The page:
Key Spring Budget Announcements

On Wednesday 8 March 2017, the Chancellor, Philip Hammond presented the Spring Budget to the House of Commons. You can watch the full statement here, and read about the key proposals below.

Office for Budget Responsibility Key Forecasts:

The UK economy is forecast to grow by 2% in 2017 which is an increase from 1.4% which was forecast in the Autumn Statement 2016.

Real wages are forecast to rise in every year to 2020-21, and inflation is forecast to shrink to 2% by 2019.

The budget deficit is forecast to fall to 2.6% of GDP in 2016-17 and to 0.7% in 2020-21 – which will be the lowest amount in over twenty years.

Debt as a proportion of national income is forecast to begin falling in 2018-19 – the first fall since 2001.

Key Tax and Income Figures:

Personal Allowance – The personal allowance threshold for income tax will rise to £11,500 from April 2017, and will further increase to £12,500 by 2020. This means the amount that someone can earn tax-free in 2017-2018 will be over 75% higher than in 2010. Raising the personal allowance for basic-rate and higher-rate taxpayers will cut income tax for 31 million people across the UK.

National Living Wage – the NLW will increase to £7.50 in April providing an income boost of £500 this year for a full-time worker.

Combined, these measures will benefit over 29 million people in the UK and will mean that a typical basic-rate taxpayer will pay £1,000 less income tax than they would have done in 2010.

Corporation Tax - In 2010, corporation tax was 28% but from April 2017, the budget proposes that it will fall to 19%, and in 2020, it will be reduced again to 17%. The proposed rate of 19% this year will be the lowest rate of corporation tax for any country in the G20 group.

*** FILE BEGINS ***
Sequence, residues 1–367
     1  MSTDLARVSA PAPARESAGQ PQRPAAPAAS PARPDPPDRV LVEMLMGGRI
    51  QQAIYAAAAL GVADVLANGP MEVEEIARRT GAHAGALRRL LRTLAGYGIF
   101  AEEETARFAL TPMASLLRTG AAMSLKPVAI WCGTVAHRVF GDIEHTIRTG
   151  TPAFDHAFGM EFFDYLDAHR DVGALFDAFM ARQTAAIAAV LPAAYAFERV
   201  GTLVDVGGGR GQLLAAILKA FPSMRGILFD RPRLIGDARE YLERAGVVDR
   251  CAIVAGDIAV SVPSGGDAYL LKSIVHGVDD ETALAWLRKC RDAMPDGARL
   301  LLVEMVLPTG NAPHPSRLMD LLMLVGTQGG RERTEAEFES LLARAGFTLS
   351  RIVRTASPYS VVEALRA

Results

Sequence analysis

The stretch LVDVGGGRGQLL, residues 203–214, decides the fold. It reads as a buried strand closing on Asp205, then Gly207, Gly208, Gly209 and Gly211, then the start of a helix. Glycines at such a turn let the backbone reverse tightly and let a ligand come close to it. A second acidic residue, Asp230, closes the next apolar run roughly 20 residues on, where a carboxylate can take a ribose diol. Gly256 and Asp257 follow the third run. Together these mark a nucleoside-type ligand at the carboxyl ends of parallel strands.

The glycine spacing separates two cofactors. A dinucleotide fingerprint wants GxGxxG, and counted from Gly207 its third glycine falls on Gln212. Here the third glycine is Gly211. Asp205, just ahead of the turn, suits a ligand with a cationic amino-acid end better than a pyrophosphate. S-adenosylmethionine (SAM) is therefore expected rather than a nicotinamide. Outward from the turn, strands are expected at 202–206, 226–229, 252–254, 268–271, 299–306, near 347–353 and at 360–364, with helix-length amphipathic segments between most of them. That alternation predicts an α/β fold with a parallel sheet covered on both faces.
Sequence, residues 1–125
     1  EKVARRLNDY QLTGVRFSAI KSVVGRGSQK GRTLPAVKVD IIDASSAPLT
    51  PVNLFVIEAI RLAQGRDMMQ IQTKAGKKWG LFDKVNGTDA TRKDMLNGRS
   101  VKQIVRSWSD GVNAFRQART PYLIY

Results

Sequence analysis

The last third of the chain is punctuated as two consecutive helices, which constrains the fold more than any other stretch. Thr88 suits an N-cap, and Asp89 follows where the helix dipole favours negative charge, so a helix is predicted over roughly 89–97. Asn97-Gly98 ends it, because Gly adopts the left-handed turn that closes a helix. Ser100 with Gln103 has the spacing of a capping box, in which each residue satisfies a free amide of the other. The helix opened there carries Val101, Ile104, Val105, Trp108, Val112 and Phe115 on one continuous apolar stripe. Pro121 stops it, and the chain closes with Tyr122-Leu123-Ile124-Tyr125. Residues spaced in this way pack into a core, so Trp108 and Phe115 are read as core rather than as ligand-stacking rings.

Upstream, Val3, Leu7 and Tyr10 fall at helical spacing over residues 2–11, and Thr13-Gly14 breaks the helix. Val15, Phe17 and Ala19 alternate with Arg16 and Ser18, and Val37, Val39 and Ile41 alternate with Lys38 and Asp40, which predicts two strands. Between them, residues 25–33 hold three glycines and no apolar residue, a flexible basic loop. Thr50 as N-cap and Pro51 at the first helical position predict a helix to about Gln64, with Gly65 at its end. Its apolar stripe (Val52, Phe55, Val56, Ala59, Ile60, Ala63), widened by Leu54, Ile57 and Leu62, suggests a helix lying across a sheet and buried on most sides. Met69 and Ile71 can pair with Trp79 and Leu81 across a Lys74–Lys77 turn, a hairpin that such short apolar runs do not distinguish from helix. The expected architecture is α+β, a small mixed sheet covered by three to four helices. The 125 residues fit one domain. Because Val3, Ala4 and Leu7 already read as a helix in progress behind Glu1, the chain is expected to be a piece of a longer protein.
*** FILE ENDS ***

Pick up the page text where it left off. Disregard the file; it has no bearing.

Reduction of tax-free Dividend Allowance:

Currently those receiving income from dividends will have a tax-free allowance of £5,000. From April 2018, the Government has proposed that this allowance will be reduced to £2,000. This would reduce the tax differential between the employed and self-employed on the one hand, and those working through a company on the other. It would also ensure that support for investors is more effectively targeted and will make the amount of income they can receive tax-free fairer and more affordable.

The latest estimates of dividend income published by HMRC suggests that over 60% of dividend income is received by those with a personal income of £50,000 per year or more. Indeed, the Chancellor stated that around half the people who will be affected by this measure are directors and shareholders of private companies with the other 50% being investors in shares with holdings worth over £50,000.

This would mean that from April 2018:

  • A basic-rate tax payer (i.e. 20% income tax on earnings over £11,500) who receives £5,000 in additional dividend income will have to pay £225 on tax for their dividends from April 2018.
  • A higher-rate tax payer (i.e. 40% income tax on earnings over £32,001) who receives £5,000 in additional dividend income will have to pay £975 on tax for their dividends.